I have to wonder if the German philosopher, Friedrich Nietzsche, who penned this saying in 1888, meant these words literally or figuratively, “That which doesn’t kill us, makes us stronger.” Currently, much of the world is in the midst of a pandemic crisis that if not properly contained could literally wipe us all out. Coronavirus, otherwise known as COVID-19, is a newly diagnosed disease that attacks the respiratory system and has proven to have deadly consequences, especially for our most vulnerable populations- people over the age of 60 and those with immune-compromised systems. Currently, there is no cure nor vaccination for the rapidly spreading COVID-19, which is largely why the disease has reached the point of pandemic, fear and panic. The way in which we move and be in the world has drastically changed. On March 20, 2020, Gov. Pritzker issued a shelter-in-place order for the state of Illinois, which basically restricts and limits our everyday movement; only essential workers (i.e. health care providers, sanitation workers, etc) are allowed to physically go into their workplace. Schools and daycare centers are closed until further notice. Meanwhile, the rest of us have been side-lined to work from home and simultaneously care for our children. And while there is most definitely nation-wide pandemonium over the current state of affairs, what is not being lifted up is parental resilience in the wake of this world-wide epidemic.

Resilience is the ability to bounce back from adverse situations- and often stronger than before! Resilience is about bending, but not breaking; we can be stretched beyond our comfort zones, yet still, we endure. Parenting has equipped us to be strong and resilient. Think of a time in your parenting when you were at your wits end and you didn’t know what to do. You might have felt that you were alone in dealing with your situation and that you had exhausted all of your options. You might have thought that your back was up against the wall and the situation was growing more dismal by the minute. And then something glorious happened- you had a breakthrough; a moment where you pushed through and got on the other side of that thing that had you stuck! While going through it, your worst fears and doubts may have surfaced, but at some point, your perspective shifted, you discovered untapped resources and a renewed strength! This is what it means to be resilient.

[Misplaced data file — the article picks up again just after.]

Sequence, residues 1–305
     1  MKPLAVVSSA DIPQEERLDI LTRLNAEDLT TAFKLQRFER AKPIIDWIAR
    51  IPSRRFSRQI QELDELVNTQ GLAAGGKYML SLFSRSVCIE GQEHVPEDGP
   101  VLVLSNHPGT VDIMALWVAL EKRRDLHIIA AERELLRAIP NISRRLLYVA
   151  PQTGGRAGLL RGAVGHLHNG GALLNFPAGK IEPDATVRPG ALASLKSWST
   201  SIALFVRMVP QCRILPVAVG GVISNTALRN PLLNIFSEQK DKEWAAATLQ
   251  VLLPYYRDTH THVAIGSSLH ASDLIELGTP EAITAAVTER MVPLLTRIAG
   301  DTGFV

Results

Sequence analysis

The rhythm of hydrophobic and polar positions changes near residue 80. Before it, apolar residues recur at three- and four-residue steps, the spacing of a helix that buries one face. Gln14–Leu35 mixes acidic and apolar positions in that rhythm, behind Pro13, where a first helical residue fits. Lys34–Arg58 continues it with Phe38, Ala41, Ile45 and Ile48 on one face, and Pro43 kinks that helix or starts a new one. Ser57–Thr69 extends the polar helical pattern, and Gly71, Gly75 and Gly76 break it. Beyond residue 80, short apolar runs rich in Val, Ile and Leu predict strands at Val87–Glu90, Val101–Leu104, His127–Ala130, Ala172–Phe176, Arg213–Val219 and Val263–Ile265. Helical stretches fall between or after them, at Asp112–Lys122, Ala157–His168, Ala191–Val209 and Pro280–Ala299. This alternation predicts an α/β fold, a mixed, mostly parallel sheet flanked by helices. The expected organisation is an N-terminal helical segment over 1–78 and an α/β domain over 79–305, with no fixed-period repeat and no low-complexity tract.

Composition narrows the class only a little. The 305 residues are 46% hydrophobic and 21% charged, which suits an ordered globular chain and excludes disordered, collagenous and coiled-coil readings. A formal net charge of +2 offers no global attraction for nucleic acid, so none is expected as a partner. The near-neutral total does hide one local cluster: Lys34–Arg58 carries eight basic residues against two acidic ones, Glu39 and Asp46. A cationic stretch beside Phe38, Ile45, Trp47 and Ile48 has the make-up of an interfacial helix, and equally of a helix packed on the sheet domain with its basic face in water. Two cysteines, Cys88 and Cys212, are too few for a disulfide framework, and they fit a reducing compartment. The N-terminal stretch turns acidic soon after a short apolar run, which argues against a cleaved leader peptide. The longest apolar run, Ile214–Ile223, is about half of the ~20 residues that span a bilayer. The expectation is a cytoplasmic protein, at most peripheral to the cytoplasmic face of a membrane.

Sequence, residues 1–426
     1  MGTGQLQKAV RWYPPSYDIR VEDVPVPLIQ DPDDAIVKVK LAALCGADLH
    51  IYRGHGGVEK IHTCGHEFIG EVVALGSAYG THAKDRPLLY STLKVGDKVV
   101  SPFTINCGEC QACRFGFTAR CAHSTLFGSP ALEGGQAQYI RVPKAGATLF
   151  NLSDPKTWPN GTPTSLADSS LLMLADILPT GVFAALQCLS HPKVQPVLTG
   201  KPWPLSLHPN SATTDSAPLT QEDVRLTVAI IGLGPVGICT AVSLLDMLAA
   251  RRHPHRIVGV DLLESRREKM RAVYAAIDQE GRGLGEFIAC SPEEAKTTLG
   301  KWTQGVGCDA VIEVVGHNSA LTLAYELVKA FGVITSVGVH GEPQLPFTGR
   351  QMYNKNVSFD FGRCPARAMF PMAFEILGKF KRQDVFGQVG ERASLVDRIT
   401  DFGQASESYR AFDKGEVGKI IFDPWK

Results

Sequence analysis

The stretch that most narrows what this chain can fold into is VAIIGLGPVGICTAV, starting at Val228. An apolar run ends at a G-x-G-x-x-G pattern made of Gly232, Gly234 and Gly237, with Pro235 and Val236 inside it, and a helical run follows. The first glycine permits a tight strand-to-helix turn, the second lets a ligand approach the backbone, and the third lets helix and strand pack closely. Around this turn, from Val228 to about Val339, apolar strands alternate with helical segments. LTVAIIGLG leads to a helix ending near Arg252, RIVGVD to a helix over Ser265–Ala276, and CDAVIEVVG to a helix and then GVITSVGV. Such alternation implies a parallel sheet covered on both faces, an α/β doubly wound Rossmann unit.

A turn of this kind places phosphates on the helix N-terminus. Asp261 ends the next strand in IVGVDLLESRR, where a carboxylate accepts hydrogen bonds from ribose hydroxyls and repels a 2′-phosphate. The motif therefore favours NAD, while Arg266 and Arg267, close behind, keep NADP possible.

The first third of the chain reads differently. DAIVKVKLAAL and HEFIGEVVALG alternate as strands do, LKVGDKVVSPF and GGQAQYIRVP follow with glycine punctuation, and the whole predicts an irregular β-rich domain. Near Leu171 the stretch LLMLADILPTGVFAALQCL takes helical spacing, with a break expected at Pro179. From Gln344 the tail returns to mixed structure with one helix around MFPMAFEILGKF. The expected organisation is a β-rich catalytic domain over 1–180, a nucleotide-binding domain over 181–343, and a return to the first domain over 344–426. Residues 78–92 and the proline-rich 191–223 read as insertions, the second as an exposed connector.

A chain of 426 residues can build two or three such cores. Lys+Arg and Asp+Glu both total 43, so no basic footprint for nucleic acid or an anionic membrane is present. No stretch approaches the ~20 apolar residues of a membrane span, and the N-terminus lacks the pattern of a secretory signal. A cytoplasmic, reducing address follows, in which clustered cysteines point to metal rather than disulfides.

My youngest son has a progressive neuromuscular disorder; his muscles from the neck down are extremely weak and for the most part, he cannot move his body. When he was younger, he had mobility in his index fingers and he used his fingers to operate his computerized communication device. Eventually, he lost the mobility in his fingers and therefore, couldn’t operate his computer; he lost his way of communicating with his family and the world. I was devastated, to say the least. I racked my brain trying to figure out another way for my son to communicate and I worked with his therapists to find a solution, but the options presented, didn’t work for him. Then, one day it dawned on me-eureka! If he could use the little strength in his index fingers, maybe his toes were a possibility; he had limited mobility in his ankles and his feet. I pitched my idea to his speech therapist and she assessed the movement in his feet and determined that he had enough movement in his great left toe to attach a splint that would connect to his communication device and allow him to click. It worked! Now, my son uses his great left toe to access his computerized communication device and all is well in his world. I now affectionately refer to his feet as his “happy feet!”

There was a moment in my son’s dilemma when I, as a parent, didn’t think I would make it through; I felt like I was on a sinking ship without a lifejacket and I would sooner die than give up on my son. This situation that we’re currently in with COVID-19 arouses similar thoughts and feelings- uncertainty, fear, anxiety, and feelings of hopelessness.   How do we fight COVID-19? And how do parents and families navigate in this new world of stay-at-home and social distancing? The answer? We summon the power of our own innate resilience. We remember that we are not strangers to adversity; she is a worthy opponent that we’ve done battle with numerous times before. We suit up in our armor and we carefully choose our weapons – optimism, a positive attitude, creativity, resources, parent allies, etc And then, we rise up and do battle. And in the end, not only will we be victorious, but we’ll be wiser and stronger because of who’ve we become in our quest to keep our family intact and healthy and thriving.

Written by Dena Chapman

Dena Chapman is a writer, editor and seasoned blogger on a mission to be a voice of strength and tranquility in an otherwise noisy world. When she is not tinkering with words, she can be found busting a ballet move in her home work office. Dena is the proud mother of two young adults, Joshua and Malachi- and her dog, Thor. Contact Dena at msdena01@gmail.com.